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PUBLIC RELEASE DATE:
15-Mar-2011

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Contact: Dr. Hilary Glover
hilary.glover@biomedcentral.com
44-203-192-2370
BioMed Central
@biomedcentral

Social class makes no difference to water contamination risk

Wealthy, well educated people who choose to drink bottled water rather than water from public supplies may be no less exposed to potentially cancer-causing water contaminants, according to new research published in BioMed Central's open access journal Environmental Health.

As part of the EPICURO national bladder cancer study, researchers from all over Spain quizzed 1,270 individuals about their water use and consumption in an effort to discover whether social class has any bearing on exposure to common water disinfection byproducts. High levels of trihalomethanes (THM), chemicals formed in chlorinated water, have been implicated as a possible risk factor for cancer and can be ingested through public drinking water supplies, or absorbed through the skin in baths, showers, and public swimming pools.

The CREAL (Centre for Research in Environmental Epidemiology) research team found that richer people with higher levels of schooling consumed more bottled water than those less educated. Dr Gemma Castaño-Vinyals, who led the investigation, said, "People with more money and more education may think that they're reducing their risk of exposure to water contaminants by drinking bottled water. However, despite being apparently cleaner and taking more exercise - a result of taking more frequent and longer baths, and using swimming pools more often - they are actually increasing their risk of THM exposure.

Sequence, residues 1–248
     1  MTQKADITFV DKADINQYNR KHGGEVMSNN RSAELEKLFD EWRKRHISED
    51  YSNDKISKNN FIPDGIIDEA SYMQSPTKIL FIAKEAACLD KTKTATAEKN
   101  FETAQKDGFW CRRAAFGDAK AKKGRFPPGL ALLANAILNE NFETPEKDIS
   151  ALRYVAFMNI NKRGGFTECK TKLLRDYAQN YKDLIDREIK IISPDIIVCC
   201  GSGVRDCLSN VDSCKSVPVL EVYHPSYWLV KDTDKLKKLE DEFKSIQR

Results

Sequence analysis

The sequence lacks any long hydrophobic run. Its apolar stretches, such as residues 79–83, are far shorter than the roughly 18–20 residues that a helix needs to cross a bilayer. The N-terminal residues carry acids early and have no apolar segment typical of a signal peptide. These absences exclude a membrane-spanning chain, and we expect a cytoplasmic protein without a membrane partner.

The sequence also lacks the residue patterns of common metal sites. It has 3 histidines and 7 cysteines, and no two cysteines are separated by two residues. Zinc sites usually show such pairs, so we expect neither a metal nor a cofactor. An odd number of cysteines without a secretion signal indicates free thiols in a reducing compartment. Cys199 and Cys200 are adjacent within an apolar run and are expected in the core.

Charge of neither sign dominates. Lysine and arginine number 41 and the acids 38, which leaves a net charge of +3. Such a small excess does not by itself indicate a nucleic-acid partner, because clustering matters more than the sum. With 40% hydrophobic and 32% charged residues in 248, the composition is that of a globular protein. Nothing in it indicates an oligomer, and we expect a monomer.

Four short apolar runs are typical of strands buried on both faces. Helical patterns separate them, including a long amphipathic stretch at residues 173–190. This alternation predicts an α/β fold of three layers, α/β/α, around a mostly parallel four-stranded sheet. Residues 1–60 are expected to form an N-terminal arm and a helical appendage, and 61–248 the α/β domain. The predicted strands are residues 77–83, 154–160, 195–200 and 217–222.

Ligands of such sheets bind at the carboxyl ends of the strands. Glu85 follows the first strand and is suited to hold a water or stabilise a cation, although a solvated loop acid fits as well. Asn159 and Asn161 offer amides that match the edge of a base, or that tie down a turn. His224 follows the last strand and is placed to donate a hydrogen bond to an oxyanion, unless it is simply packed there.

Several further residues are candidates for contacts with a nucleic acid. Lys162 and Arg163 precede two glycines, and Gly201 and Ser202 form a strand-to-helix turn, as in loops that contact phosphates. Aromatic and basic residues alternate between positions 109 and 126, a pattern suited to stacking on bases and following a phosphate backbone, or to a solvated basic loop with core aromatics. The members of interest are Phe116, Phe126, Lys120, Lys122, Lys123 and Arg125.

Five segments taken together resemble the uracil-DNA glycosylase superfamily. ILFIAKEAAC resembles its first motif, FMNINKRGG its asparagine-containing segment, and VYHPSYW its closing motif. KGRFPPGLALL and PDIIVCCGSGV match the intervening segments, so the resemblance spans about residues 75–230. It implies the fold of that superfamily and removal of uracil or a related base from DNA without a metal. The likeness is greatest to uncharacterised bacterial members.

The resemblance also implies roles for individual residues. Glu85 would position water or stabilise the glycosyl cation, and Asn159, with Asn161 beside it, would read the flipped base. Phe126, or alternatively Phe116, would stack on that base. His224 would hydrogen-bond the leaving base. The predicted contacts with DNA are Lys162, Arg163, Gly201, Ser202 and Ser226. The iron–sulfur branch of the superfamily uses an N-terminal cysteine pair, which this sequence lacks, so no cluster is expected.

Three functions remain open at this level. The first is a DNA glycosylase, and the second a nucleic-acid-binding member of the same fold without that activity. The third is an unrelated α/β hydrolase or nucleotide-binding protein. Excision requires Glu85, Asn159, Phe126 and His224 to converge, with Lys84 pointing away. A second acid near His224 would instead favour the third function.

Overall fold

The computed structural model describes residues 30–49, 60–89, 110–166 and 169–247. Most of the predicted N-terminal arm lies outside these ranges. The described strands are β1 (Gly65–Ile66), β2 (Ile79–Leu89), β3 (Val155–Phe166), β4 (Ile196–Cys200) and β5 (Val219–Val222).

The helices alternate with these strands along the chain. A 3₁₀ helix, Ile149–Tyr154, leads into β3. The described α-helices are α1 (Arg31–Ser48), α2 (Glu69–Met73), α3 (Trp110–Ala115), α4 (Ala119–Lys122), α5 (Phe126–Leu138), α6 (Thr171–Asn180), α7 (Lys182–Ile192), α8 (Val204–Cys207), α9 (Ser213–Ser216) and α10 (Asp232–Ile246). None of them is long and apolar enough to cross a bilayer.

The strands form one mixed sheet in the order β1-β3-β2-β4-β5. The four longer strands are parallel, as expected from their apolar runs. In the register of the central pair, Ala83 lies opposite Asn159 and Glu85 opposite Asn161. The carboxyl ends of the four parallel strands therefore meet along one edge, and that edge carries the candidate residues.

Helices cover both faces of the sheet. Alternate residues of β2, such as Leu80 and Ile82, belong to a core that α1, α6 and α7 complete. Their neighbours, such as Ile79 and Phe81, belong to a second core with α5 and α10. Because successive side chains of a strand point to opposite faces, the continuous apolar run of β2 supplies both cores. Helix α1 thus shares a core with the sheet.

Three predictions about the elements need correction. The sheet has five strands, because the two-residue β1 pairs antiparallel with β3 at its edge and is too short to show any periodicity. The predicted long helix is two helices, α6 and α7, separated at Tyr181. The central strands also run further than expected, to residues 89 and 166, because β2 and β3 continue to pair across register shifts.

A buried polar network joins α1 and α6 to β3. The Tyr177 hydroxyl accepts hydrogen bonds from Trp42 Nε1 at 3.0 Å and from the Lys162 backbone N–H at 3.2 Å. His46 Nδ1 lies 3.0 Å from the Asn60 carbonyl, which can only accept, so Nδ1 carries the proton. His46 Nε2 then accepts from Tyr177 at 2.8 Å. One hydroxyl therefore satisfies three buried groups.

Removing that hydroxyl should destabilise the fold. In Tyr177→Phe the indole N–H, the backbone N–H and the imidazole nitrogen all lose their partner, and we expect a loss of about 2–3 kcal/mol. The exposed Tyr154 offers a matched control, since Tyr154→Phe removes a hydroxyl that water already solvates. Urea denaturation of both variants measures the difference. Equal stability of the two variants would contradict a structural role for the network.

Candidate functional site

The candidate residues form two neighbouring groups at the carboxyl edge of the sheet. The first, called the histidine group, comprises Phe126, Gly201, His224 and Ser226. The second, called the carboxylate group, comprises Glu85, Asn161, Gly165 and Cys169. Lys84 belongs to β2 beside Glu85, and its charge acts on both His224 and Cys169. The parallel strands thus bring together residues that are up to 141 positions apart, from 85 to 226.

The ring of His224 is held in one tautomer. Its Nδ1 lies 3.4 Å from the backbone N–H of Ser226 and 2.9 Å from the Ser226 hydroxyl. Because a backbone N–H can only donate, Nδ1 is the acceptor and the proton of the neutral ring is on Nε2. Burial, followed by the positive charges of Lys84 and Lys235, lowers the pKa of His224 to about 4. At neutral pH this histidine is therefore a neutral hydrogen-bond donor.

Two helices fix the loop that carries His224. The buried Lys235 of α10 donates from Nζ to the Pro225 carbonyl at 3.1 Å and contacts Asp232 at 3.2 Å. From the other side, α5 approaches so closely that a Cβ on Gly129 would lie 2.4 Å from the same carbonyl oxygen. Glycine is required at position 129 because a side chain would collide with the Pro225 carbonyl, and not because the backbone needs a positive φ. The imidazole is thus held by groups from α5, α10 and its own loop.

"It must be said that, the risk of these contaminants causing bladder cancer is small, and findings from this research may help us to understand water use patterns in the context of cancer prevention."

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Notes to Editors

1. Socioeconomic status and exposure to disinfection by-products in drinking water in Spain
Gemma Castaño-Vinyals, Kenneth P. Cantor, Cristina M Villanueva, Adonina Tardon, Reina Garcia-Closas, Consol Serra, Alfredo Carrato, Núria Malats, Nathaniel Rothman, Debra Silverman and Manolis Kogevinas
Environmental Health (in press)

Please name the journal in any story you write. If you are writing for the web, please link to the article. All articles are available free of charge, according to BioMed Central's open access policy.

Article citation and URL available on request at press@biomedcentral.com on the day of publication.

2. Environmental Health is an open access journal publishing original peer-reviewed research articles on all aspects of environmental and occupational medicine and related studies in toxicology and epidemiology.

3. BioMed Central (http://www.biomedcentral.com/) is an STM (Science, Technology and Medicine) publisher which has pioneered the open access publishing model. All peer-reviewed research articles published by BioMed Central are made immediately and freely accessible online, and are licensed to allow redistribution and reuse. BioMed Central is part of Springer Science+Business Media, a leading global publisher in the STM sector.



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